Crazy About You: Brickell hot spot has great plates at reasonable prices

View a Crazy About You slide show.

Plenty of popular new restaurant concepts — small plates, food trucks, boutique burgers — have recently popped up around Miami. The team at Spanish Grupo La Misión, owner of Brickell mainstay Dolores But You Can Call Me Lolita, have pioneered the notion of grabbing attention with a goofy, nonfood-related name. The group has struck again with Crazy About You, but there's another conceptual novelty at work here. It's called value.

The menu is set up much the same prix fixe way as at Dolores-Lolita. About a dozen salads/appetizers are listed on top — sans pricing, because whichever one you choose will be included with your entrée at no extra charge. The entrées are divided into three pricing options: $15.75, $19.75, and $23.75.

So let's say you decide to begin with serrano ham croquettes followed by a mojo-roasted half-chicken with spinach and artichokes. The cost for the two courses is $15.75. Want to add a glass of house wine? Four dollars. How about cappuccino flan for dessert? Ten dollars — nah, just kidding, but you might have believed me because that's what so many other restaurants charge. Crazy's desserts are $2.50 apiece.

Crazy About You's miso-glazed orange roughy. View more photos.
Crazy About You's miso-glazed orange roughy. View more photos.

Location Info

Map

Crazy About You

1155 Brickell Bay Drive
Miami, FL 33131

Category: Restaurant > Portuguese

Region: Central Dade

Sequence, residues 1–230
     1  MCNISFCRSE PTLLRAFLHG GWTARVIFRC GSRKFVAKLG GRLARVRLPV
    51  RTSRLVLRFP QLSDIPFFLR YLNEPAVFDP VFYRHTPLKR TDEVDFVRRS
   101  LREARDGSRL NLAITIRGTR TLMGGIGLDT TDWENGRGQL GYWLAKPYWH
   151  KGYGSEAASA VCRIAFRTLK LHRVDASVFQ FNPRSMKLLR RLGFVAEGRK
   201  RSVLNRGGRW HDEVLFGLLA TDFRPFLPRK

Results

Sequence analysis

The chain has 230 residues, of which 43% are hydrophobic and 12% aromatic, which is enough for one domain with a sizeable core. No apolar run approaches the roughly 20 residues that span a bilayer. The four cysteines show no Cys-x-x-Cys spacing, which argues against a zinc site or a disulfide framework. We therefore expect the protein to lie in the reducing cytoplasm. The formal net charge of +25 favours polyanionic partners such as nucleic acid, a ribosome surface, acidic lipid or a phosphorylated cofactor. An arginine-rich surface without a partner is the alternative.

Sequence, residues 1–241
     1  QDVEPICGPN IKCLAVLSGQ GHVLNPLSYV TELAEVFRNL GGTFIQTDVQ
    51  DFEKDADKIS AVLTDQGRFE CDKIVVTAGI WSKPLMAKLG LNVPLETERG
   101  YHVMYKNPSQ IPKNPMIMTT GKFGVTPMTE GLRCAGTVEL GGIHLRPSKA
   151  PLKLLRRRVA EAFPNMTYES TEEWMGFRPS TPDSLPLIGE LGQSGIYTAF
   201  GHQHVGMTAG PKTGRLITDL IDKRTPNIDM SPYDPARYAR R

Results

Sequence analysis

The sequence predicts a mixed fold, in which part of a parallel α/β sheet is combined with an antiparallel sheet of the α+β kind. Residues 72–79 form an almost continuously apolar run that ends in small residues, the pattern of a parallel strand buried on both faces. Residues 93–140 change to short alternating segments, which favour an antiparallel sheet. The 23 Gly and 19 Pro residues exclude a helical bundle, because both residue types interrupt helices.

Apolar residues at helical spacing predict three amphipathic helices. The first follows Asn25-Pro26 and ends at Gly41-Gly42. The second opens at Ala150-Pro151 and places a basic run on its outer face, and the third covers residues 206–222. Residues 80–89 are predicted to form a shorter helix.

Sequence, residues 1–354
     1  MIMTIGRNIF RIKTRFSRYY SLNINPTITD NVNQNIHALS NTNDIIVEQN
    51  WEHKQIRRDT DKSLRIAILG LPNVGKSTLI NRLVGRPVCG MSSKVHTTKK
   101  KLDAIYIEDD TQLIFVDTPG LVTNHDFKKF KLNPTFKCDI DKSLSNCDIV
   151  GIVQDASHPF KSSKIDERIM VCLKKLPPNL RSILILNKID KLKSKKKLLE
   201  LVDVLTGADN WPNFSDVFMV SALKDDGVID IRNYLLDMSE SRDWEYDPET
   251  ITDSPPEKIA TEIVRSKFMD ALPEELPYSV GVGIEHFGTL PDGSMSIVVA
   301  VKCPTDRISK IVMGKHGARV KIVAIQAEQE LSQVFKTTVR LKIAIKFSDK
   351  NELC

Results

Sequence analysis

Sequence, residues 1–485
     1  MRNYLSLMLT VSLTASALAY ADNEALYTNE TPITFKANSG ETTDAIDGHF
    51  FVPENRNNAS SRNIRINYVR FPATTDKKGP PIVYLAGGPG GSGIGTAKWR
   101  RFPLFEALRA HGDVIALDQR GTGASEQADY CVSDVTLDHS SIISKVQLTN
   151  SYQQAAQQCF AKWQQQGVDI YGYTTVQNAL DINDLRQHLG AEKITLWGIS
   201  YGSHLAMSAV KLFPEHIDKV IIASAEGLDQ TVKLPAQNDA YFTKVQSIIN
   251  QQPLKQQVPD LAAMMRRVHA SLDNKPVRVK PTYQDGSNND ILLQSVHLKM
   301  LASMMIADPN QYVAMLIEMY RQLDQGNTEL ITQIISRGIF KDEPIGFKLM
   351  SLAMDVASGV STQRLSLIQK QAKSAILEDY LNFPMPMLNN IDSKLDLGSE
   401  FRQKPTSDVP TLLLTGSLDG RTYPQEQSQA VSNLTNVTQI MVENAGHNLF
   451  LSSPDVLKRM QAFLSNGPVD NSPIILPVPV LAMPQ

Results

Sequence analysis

Details

Crazy About You

305-377-4442
crazyaboutyourestaurant.com

Lunch and dinner Monday through Wednesday 11 a.m. to 11 p.m., Thursday and Friday 11 a.m. to midnight, Saturday and Sunday noon to midnight.

Choice of appetizer included with each entrée:
Mojo-roasted half-chicken $15.75
Petite pork osso buco $19.75
Veal churrasco with shoestring fries $23.75
Miso-glazed orange roughy $23.75
Cappuccino flan $2.50

View a Crazy About You slide show.

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Appetizers get split down the middle between hot and cold. The former includes those aforementioned ham croquettes, a signature item at Dolores. The six cylinders of serrano-studded potatoes are small (about two inches long) and so tender they melt on the tongue.

View a Crazy About You slide show.

Other heated starters are vegetable spring rolls, calamari with pepperoncini on flatbread, and huevos estrellados. Skip the huevos unless you're in the mood for a Denny's-style breakfast — a skillet pan with loose shreds of hash browns and mushrooms topped by fried eggs. The lentil soup (offered along with a soup of the day) is also a weak point. The tomato base and beef infusion make it a heavier version than most, although not entirely unsatisfying.

Cold apps comprise mainly salads: a classic wedge with Roquefort dressing; a not-at-all-classic Mexican Caprese (tomato, mozzarella, and guacamole); a flavor-packed panoply of spinach, goat cheese, pecans, and butternut squash spiked with sesame dressing; and "the real caesar" salad. Given three whole hearts of romaine lettuce drizzled with dressing, thin planks of shaved Parmesan littered atop the leaves, and two long Parmesan crostini, some diners might question what's so "real" about the plate. Whole leaves? No anchovies? Generally acknowledged creator Caesar Cardini never used the little fish and supposedly served the leaves whole in order to be eaten with the fingers. (Then again, one can never be sure, for there are more claimants to the so-called true caesar recipe than anchovies in a can.)

Entrées in the $15.75 category include a couple of snack-like meals, such as a duo of fish sliders (fried Key West dolphin and seared ahi tuna) and a thin-crusted pizza with "fresh hand-crushed cherry tomato sauce" and a blanket of melted mozzarella cheese (also offered "diavola"-style or with "applewood BLT" topping).